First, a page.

It's written in Lua and doesn't use the OS GUI APIs and widgets anywhere. I'm not sure I understand what makes this more "native" than Javascript.

There’s way less abstraction going on in Lua app that has a hand-rolled GUI versus an app built on top of a web browser like Electron. Hand rolling you’re own UI doesn’t make it less native — is Ableton Live not-native?

Or are you drawing the line because Lua is a scripting language?

You seem to be the one drawing the line saying Electron isn’t vs something like this is.

Is a WASM app that renders to WebGL native?

I guess the point is native should probably mean “using the toolkit the OS provides” and we should just use “performant” in most cases.

I don't know how people are finding ways to contradict your comment.

Native means using the native UI toolkit. Or if not about UIs, it can mean compiled to native machine code ahead of time.

People used to care about native vs non-native because of the look and feel.

Now people are complaining about performance, memory use, and startup times. Everyone would be happy using a non native toolkit if it was fast, used little memory and started quickly.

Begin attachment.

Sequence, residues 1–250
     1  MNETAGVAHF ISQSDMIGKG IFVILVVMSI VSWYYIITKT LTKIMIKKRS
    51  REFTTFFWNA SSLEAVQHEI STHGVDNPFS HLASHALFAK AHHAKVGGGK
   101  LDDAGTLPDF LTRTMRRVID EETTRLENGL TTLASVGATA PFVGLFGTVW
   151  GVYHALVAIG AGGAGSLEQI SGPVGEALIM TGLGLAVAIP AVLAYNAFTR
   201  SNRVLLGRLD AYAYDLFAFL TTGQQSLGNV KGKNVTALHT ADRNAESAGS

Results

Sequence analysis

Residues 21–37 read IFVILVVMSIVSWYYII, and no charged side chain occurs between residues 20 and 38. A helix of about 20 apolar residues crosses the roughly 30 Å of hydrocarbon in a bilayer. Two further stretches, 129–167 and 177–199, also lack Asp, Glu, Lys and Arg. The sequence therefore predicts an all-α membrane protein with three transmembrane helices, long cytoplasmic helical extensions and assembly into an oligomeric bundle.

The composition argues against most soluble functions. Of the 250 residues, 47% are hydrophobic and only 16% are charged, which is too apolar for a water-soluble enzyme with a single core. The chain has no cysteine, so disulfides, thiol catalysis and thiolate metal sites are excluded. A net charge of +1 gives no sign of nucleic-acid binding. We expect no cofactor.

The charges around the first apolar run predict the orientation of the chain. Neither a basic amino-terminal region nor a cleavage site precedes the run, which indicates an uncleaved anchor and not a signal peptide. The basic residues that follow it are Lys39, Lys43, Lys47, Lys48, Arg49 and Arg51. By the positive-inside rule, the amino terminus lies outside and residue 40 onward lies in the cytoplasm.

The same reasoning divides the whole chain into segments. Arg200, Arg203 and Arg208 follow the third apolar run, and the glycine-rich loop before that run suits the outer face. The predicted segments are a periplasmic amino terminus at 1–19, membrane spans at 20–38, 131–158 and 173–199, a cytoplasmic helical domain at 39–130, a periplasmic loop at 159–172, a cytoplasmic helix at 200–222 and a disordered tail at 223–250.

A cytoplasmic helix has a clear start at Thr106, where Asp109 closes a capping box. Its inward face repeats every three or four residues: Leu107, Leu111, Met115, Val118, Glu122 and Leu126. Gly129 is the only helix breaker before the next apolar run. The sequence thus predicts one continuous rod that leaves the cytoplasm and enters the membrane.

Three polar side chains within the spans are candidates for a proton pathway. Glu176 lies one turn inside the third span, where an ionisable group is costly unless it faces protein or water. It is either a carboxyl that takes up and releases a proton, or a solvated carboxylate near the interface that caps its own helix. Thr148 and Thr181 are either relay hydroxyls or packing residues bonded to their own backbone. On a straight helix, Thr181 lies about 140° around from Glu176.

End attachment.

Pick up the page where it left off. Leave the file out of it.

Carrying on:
Why can't we be precise with our language? We're engineers, it seems critical to use precise terminology. If you don't like the look and feels let's discuss that, if you don't like the memory use, let's discuss that, if you don't like the distribution or install size, let's discuss that.

People mainly want their autocomplete, accessibility and double-click text to work the same everywhere.

wxwidget guys on IRC used to showcase how their buttons titlebars and menus blended with the windows xp back in early 2000 but I'm sure they are past that at this point.

Electron is like a whole framework say JVM or .NET but for JavaScript GUIs... Its definitely heavier than a few thousand lines of C and Lua vs the amount of code behind both Chrome and Node.